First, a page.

The struggle for independents
The issue of independents for Bermuda continues to surface from time to time. Mostly online, and often in reaction to the politics of the day, making it difficult to gauge whether there is any serious, growing groundswell for just such change or whether it’s no more than the fanciful expression of a shared romantic notion.
I am inclined to believe it is more the latter than the former.
There is little evidence that actual steps are being taken. Not surprisingly. It will require hard work. Voters will need convincing that a collection of independents will serve us and Bermuda better, and more effectively, than what we currently have, which is essentially a choice between two political parties and whomever they put up for election.
The irony is that a move to independents will also require organisation and co-ordination — two of the very attributes that are a distinguishing but key feature of political parties and which help to determine their success, or not, at the polls.
Sound daunting? It is — absent a more widespread political will to make it happen.
First, there is the weight of history. The advent of political parties in Bermuda in the 1960s and their organisation led to long-overdue advances on so many critical fronts. Change followed when Bermuda moved from representative to responsible government under the 1968 (and current) Constitution Order. Progress was made possible largely through sheer organisational push, first by the formation of the PLP and latterly by the UBP in response.
This leads on to the second point. Organisation is also required to run a government. Political parties, for all their imperfections, have by and large proven themselves effective decision makers. It is a strength not to be overlooked or taken lightly.
Take the current pandemic, for example. Some tough decisions had to be taken, and taken promptly, and they were. It proved a definitional time for the PLP administration. Yes, there was dissent in the face of those decisions, along with decidedly disgruntled constituents who considered that their differing views were without influence or voice, and thus were without representation. But circumstances of Covid-19 demanded otherwise: a unified approach.
The strength to responsible government was thus highlighted. The drawback was also underscored. But just how a collection or loose network of independents might have responded in similar circumstances will remain a matter of conjecture.
For sure, earnest, early assembly is required to make it even possible — and well before an election rolls around. Here I am going to borrow a line from comic George Carlin, a caustic but delightful wit in his time. “If you cannot beat them,” he said, “arrange to have them beaten.”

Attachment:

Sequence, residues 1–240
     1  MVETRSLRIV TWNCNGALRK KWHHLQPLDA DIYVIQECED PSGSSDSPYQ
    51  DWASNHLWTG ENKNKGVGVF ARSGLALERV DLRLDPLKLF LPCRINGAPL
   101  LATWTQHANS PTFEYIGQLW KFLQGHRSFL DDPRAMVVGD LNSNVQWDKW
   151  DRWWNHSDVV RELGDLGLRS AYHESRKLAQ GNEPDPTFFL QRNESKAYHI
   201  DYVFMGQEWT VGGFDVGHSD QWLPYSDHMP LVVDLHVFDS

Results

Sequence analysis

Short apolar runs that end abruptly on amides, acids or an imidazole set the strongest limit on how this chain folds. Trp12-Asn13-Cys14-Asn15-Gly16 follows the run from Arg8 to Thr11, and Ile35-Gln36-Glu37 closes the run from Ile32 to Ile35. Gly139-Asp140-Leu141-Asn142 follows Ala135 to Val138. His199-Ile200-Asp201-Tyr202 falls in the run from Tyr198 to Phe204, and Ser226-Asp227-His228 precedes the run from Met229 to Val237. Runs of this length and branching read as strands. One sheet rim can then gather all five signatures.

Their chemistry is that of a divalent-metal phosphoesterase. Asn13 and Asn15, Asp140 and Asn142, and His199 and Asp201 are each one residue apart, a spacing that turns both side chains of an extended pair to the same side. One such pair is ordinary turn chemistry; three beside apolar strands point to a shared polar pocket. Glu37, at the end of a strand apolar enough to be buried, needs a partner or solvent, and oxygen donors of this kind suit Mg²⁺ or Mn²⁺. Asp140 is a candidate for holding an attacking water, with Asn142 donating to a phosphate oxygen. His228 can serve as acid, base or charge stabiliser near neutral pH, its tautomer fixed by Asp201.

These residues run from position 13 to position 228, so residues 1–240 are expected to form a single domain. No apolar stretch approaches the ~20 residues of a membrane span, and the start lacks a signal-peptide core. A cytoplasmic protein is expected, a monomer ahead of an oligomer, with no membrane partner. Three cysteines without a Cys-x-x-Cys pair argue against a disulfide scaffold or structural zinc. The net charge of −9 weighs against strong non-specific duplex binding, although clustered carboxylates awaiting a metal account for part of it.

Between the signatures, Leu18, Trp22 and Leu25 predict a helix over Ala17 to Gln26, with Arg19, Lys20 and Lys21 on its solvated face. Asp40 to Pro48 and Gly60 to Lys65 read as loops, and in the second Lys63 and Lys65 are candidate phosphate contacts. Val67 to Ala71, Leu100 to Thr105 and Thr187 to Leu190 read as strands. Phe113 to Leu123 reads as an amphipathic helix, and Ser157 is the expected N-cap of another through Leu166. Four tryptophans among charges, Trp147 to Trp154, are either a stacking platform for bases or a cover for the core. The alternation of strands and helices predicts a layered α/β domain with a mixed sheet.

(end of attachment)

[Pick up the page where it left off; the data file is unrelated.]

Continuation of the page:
No easy task that. Both parties are pretty well entrenched in our political and parliamentary structure. It is hard to envisage any position being given up or given away.
That’s not to say there cannot be change — even from within. It will fall to individual members to begin to forge a new path.
I think of the words of the 18th-century political philosopher Edmund Burke, who also served as an MP for 30 years in the House of Commons. He was a Conservative, yes, but also an abolitionist, ahead of his time, who was not afraid to buck his party’s whip. He even went so far as to introduce a Bill to prohibit slave owners from sitting in the Commons.
Here is what he famously had to say to his constituents about his role as their MP: “Your representative owes you, not his industry only, but his judgment, and he betrays, instead of serving you, if he sacrifices it to your opinion.”
Imagine that, if you can. Surely, and ultimately, like so many things in life, it is a question of balance.
A quick postscript this week on the Senate where there are three so-called independents. There are so called because they are not required to follow a party line. The question has been raised as to whether there is a Government House line, each of them owing their appointment to the Governor of the day. I am not aware. But I am aware of multiple occasions when they have not voted as a bloc.
There have also been those rare occasions when they have joined with the three opposition members to defeat a government Bill, cannabis legislation and before that the municipalities. Another also comes to mind: it was way back in the 1990s when a similar alliance thwarted the Government’s legislative plan for telecommunications reform. The underlying thought then was that the Bermuda market was too small to sustain competition and that cell phones would not catch on. I kid you not.
Checks and balances are all well and good, but cases like these prompt the question of whether it is right that an unelected body can thwart a democratically elected government — even if it is for no more than a year.